Dell has made an historic move as it tries to reinvent its business out of the glare of constant stock market observation in an attempt to avoid a decline into irrelevance and eventual extinction.
The company and its partners announced on Feb. 5 that they spent $24.4 billion or $13.65 per share to become a privately operated company. Michael Dell, who owns about 14 percent of Dell, along with Silver Lake Partners, will acquire the company. Microsoft will also kick in a $2 billion loan to help complete the transaction. Dell called the move “an exciting new chapter” for the company he founded.
But what Dell might say is exciting could really just be an end of an era for his company. There was a time, after all, when Dell was the PC market’s leader and one of the most successful companies in the entire IT industry. Dell was supposed to be the leader, not the company clinging to its past.
But why did Dell take the drastic and expensive move of going private? It speaks to the surprising decline it has experienced over the last several years as it was blindsided by the rapid move to mobile devices, which has cut into sales of larger desktop and laptop computers.
Here are the various reasons why Dell went private:
1. The PC market is in decline
It’s no secret that the PC market is in serious trouble. In fact, in 2012, more tablets shipped worldwide than notebooks for the first time, illustrating the dramatic decline of PCs over the past few years. If the core PC market is declining, Dell obviously has some issues.
2. Dell’s PC business leads the decline
But perhaps Dell’s troubles in the PC space relate in part to its own poor decision-making. The company was once the world’s top PC maker, but quickly watched HP take over the top spot. Now, Dell is the third-largest PC maker in the world behind Lenovo and is losing some of its footing in the enterprise market. That has proven extremely challenging to Dell’s business.
3. It needs to shed the fat
Unfortunately for Dell, it’s operating a business that has become quite bloated. During its 2012 fiscal year, Dell reported $62 billion in revenue. The company’s total operating expenses hit $57.6 billion, resulting in anemic profits and narrow margins. By going private, Dell might have more of an opportunity to take a breath and find ways to cut expenses.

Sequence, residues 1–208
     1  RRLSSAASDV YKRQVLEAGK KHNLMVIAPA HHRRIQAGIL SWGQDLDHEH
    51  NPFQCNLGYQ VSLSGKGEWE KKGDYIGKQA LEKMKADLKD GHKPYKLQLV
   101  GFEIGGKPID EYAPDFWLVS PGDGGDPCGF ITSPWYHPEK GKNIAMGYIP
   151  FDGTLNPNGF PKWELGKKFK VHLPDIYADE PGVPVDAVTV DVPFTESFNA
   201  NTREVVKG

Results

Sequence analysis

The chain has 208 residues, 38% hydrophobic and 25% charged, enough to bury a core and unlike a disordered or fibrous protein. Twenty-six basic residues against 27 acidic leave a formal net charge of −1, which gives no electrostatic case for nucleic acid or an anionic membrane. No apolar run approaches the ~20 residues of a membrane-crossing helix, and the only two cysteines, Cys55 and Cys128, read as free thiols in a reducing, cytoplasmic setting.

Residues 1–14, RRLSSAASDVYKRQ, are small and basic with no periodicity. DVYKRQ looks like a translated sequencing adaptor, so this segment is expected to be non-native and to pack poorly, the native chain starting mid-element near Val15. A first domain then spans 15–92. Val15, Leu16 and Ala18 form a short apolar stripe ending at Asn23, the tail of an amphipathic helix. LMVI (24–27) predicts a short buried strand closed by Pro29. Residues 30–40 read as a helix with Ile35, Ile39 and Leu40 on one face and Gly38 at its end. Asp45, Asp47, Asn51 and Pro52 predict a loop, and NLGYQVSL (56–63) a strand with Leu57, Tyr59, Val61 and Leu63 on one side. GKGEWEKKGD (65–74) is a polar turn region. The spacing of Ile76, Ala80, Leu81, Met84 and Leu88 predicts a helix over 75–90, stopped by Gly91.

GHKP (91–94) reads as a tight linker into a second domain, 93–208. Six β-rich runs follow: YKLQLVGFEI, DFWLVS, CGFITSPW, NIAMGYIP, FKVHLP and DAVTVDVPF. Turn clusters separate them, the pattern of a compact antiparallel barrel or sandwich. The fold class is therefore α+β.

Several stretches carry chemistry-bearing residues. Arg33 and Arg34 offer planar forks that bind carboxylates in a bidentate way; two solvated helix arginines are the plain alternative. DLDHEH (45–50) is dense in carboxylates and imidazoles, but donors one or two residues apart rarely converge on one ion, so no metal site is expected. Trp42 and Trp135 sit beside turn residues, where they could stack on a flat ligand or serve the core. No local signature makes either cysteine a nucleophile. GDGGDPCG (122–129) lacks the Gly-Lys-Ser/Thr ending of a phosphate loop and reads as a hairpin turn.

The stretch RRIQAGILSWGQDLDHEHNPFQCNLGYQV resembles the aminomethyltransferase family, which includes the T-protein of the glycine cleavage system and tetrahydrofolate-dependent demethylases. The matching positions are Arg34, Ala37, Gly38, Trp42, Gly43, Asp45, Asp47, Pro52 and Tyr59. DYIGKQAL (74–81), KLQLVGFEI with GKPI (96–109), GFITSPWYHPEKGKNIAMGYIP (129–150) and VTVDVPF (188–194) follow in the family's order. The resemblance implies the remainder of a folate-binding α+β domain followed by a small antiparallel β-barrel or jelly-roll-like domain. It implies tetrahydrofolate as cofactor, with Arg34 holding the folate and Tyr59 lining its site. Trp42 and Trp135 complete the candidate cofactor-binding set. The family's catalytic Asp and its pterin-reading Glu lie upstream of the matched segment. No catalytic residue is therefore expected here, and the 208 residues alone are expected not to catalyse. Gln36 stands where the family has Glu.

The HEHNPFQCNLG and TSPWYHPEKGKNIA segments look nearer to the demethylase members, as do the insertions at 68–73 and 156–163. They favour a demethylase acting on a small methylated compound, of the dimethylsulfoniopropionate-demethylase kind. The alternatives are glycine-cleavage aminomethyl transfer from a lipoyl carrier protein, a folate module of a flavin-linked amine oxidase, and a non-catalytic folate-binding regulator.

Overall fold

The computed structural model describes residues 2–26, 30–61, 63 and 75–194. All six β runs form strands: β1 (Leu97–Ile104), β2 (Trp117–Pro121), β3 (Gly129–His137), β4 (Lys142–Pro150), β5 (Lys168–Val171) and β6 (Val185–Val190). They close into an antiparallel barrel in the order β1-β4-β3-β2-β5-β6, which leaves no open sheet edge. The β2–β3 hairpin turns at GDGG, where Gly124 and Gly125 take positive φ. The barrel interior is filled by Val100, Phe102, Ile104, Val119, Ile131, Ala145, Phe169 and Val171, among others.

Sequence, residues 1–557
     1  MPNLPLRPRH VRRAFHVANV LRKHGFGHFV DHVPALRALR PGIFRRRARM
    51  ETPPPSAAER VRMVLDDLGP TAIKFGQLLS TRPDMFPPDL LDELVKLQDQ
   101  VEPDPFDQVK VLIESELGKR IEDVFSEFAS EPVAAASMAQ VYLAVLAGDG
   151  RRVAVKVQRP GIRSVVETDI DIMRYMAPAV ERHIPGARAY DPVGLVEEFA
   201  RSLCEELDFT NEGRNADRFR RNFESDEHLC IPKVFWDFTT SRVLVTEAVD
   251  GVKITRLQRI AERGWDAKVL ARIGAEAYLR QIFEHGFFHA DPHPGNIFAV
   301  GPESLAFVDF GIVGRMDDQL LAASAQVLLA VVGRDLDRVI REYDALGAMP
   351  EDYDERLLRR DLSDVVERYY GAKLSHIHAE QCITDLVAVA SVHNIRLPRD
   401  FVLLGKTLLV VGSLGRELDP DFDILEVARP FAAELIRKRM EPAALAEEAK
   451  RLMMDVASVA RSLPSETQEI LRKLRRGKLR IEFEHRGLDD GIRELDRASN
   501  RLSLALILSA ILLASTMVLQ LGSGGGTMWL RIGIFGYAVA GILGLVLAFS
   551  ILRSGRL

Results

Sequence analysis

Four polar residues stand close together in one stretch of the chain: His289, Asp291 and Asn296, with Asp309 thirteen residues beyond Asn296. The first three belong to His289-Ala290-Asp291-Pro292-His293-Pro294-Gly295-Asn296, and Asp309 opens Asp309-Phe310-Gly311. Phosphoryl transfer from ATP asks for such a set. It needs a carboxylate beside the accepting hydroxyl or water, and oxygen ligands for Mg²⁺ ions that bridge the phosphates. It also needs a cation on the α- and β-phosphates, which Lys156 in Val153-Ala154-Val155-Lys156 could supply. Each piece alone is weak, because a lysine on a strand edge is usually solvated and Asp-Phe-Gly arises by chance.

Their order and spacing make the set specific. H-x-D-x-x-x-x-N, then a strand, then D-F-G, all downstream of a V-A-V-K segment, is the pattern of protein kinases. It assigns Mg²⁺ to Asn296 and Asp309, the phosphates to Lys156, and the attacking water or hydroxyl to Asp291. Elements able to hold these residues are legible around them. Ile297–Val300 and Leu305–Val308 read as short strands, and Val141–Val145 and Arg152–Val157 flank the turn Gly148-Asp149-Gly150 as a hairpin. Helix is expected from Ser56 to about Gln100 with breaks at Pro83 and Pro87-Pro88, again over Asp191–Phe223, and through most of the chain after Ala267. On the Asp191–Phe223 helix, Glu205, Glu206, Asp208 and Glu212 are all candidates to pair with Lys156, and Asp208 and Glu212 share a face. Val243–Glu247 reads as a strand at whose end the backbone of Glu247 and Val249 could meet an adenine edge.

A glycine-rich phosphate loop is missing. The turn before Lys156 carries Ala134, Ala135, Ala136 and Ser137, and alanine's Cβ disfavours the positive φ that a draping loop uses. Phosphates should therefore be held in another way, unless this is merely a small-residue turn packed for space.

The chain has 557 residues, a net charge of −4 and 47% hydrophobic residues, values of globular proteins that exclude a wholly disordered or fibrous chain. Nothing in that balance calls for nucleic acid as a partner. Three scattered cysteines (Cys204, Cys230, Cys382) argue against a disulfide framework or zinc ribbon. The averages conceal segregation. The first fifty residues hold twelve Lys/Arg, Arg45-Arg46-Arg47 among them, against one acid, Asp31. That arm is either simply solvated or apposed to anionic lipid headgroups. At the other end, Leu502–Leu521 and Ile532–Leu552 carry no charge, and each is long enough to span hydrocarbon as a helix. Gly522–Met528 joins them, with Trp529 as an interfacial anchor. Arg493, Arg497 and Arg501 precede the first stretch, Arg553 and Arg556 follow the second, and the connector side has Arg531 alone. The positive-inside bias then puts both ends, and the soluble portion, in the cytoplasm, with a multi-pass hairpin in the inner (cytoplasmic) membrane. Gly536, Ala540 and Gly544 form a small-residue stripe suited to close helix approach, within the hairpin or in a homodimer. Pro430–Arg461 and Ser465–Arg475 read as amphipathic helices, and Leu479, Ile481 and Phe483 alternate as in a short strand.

4. Less prying eyes might be necessary for a turnaround
Dell is in desperate need of a turnaround. But dramatically revamping a business or spending a few years to try to build it back up isn’t something that shareholders don’t have patience for. By going private, Dell can escape the shareholders’ prying eyes and make the tough decisions that might hurt its operations in the near-term, but allow it to return to robust health. Being a public company isn’t an ideal situation for a company that’s struggling.
Dell Forced to Go Private in Search of a Turnaround: 10 Reasons Why
5. The management isn’t prepared for the new age
After Michael Dell came back to the company he founded, he made shareholders believe that he knew what it would take to get the PC maker back on track. Now years later, it’s clear that Dell and his management team are a little lost. And because it lost its way Dell watched his company falter which forced him to consider the costly step of going private. If Dell’s management was more capable, the company might not have avoided the drastic step of going private.
6. The stock price has slid
The only reason Dell was able to make a deal happen with Silver Lake Partners is that its shares are actually quite cheap. As noted, Dell is being bought out for $13.65, a slight premium over its closing price on Feb. 4 of $13.27. To put that share price into perspective, Dell’s stock has fallen 24 percent in the past year and is down a whopping 34 percent over the past five years. Silver Lake saw a good deal was available for a company with $3.5 billion in net income in 2012 and decided to help Dell out.
7. No answer for smartphones
Smartphones have proven to be vexing problem for Dell. The company has tried on numerous occasions to jump into the smartphone market, but each time, its efforts have fallen short. If Dell could have established itself as a smartphone contender earlier, the company might not have been forced to take such a drastic step as going private.
8. Tablets are a nonstarter
Tablets have also proven to be the downfall of Dell’s business. The company has tried and failed to deliver Android-based slates that proved popular with buyers. Although Dell tried to blame it on poor timing, the company’s tablet shortcomings really had more to do with the fact that it didn’t understand what customers wanted in terms of high-quality designs and high-end components. The fact that tablets are so important today and Dell has no presence in that market is a huge setback for the company.
9. It needs help on the cloud
The cloud could very well be the way Dell makes its way back into the good graces of enterprise customers. However, transitioning its business to leverage the cloud more effectively and perhaps reduce its reliance on PCs and mobile would be something that would be viewed as too risky by shareholders if it remained a public company. By going private, that problem is eliminated and Dell can focus on the cloud.
10. Michael Dell says so
As Michael Dell goes, so goes the company he founded. It’s clear that Dell himself was the primary voice behind the decision to go private. So, perhaps it shouldn’t come as much of a surprise that Dell readily made the decision to go from public to private. When Michael Dell says something is happening, it does.